Afghanistan’s election conundrum has entered into a new phase after the Independent Election Commission (IEC) failed to start recount process. A number of presidential candidates have protested against vote recounting process but IEC insists upon recounting process.
Afghanistan Independent Election Commission stopped votes recounting process on Wednesday, November 13, after three prominent presidential tickets—led by the incumbent Chief Executive Abdullah, Gulbuddin Hekmatyar, and Rahmatullah Nabil—boycotted the process, protesting against what they see as validating non-biometrically verified votes or votes cast beyond voting time limit on the Election Day, September 28.
The IEC leadership held meetings on Thursday and Friday with the three presidential tickets to provide clarifications and solve the issue but in vein.
Expressing dissatisfaction with the clarifications made by the IEC during the meetings, spokespersons of the three tickets said the IEC officials were trying to justify “rigged and uncertain votes.”
Hawa Alam Nooristani, chairwoman of the IEC, speaking at a press conference in November 16, said that the IEC has given clarifications in the meetings held on Thursday and Friday. She noted that the IEC secretariat office, particularly national and international specialists, have found 137,630 votes—previously quarantined by the Dermalog Company—as valid votes following a thorough analysis.
Protesting tickets accuse IEC of vote manipulation
Accusing the IEC of attempting to manipulate election results in favor of the incumbent president Mohammad Ashraf Ghani, the protesting presidential tickets say the commission is acting in contrary to the law and regulation.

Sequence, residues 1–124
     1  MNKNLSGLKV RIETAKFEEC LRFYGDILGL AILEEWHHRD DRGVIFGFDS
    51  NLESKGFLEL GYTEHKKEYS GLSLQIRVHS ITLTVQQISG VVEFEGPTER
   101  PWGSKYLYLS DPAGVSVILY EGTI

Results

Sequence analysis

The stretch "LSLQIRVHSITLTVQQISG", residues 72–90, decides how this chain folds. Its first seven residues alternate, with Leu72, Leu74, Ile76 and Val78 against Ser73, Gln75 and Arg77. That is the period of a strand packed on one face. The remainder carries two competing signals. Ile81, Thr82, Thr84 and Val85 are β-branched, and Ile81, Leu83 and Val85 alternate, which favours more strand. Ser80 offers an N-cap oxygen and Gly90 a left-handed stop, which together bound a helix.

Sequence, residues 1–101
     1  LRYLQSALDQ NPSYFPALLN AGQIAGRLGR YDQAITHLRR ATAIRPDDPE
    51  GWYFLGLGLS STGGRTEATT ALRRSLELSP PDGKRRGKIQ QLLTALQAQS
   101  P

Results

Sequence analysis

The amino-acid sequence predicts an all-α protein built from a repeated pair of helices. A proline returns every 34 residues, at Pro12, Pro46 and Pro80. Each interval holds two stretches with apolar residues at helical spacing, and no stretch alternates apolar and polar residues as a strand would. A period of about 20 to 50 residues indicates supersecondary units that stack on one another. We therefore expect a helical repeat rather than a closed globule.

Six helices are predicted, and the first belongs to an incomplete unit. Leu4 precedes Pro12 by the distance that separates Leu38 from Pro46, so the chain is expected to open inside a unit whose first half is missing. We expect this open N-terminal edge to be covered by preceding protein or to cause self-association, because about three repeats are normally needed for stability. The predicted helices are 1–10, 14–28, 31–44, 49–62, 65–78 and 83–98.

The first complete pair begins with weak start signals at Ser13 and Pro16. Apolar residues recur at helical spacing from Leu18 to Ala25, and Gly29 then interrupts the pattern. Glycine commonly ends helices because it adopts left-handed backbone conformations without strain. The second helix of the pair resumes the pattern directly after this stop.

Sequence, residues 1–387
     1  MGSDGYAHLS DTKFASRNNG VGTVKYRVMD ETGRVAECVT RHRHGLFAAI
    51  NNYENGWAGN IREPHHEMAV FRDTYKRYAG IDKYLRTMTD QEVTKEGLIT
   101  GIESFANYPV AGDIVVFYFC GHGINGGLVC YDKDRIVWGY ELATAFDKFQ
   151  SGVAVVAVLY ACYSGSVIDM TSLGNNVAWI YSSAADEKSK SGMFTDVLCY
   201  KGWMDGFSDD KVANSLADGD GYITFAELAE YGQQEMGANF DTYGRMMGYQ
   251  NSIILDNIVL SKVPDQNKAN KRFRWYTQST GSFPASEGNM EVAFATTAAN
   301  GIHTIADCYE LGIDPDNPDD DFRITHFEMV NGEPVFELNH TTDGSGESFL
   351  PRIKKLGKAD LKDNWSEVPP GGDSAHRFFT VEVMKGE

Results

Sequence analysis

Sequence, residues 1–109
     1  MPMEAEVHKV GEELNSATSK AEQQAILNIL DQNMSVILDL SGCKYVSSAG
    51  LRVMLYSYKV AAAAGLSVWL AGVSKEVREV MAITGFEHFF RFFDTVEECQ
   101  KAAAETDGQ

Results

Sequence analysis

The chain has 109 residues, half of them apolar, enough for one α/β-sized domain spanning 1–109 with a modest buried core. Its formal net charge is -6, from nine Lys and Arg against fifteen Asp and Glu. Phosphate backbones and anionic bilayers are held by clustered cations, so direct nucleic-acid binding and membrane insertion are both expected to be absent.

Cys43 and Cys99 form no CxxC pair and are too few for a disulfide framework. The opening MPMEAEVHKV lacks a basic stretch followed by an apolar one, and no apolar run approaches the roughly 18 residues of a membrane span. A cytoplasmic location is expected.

Abdullah Abdullah, speaking at a press conference on Sunday, November 17, declared IEC’s latest decision as illegal, warning that it will not be acceptable. Implicitly pointing to the state builder ticket led by Ghani, Abdullah claimed that the IEC is “receiving order from a presidential ticket.”
The Council of Presidential Candidates, in a statement issued yesterday, November 17, called on the IEC to solve internal differences and remain impartial.
Arif Kayani, a member of justice and security presidential ticket led by Ramatullah Nabil, told Kabul Now that IEC commissioners had nothing to tell for the protesting ticket during the two day meeting rather than ‘justifying invalid votes.’ He reiterates that over 300,000 are invalid. Kayani claims that the IEC is under ‘threats by the ruling ticket.’
Payenda Mohammad Hekmat, a spokesperson for Abdullah’s ticket, also described IEC’s clarifications as unsatisfactory and accused the IEC of violating the law. “The commission admits that some votes have been cast even a day before and after the Election Day,” he claimed.
Javid Faisal, who is a spokesman for the state builder ticket, accuses the three tickets led by Abdullah, Gulbuddin Hekmatyar, and Rahmatullah Nabil of creating barriers against the election process.
Electoral watchdogs accuses IEC of violating election law
In the face of new electoral controversies, electoral watchdogs blame the IEC to have made decision in contrary to election law.
Naeem Asghari, a member of the Free and Fair Election Forum of Afghanistan (FEFA), underlined that the IEC was insisting upon its previous stances in meetings held on Thursday and Friday. “The process, which is not running transparently and in line with law, will certainly face stalemate and make crisis,” he noted.
Habibullah Shinwari, program manager of the Election Transparency Watch Organization of Afghanistan (ETWA), said IEC’s decision to recount votes cast in 2,423 polling stations is ‘illegal.’
Soghra Saadat, a member of TEFA says the IEC does not have technical capacity to take a right decision. “The election commission is under pressure by the presidential tickets,” Ms. Saadat stated.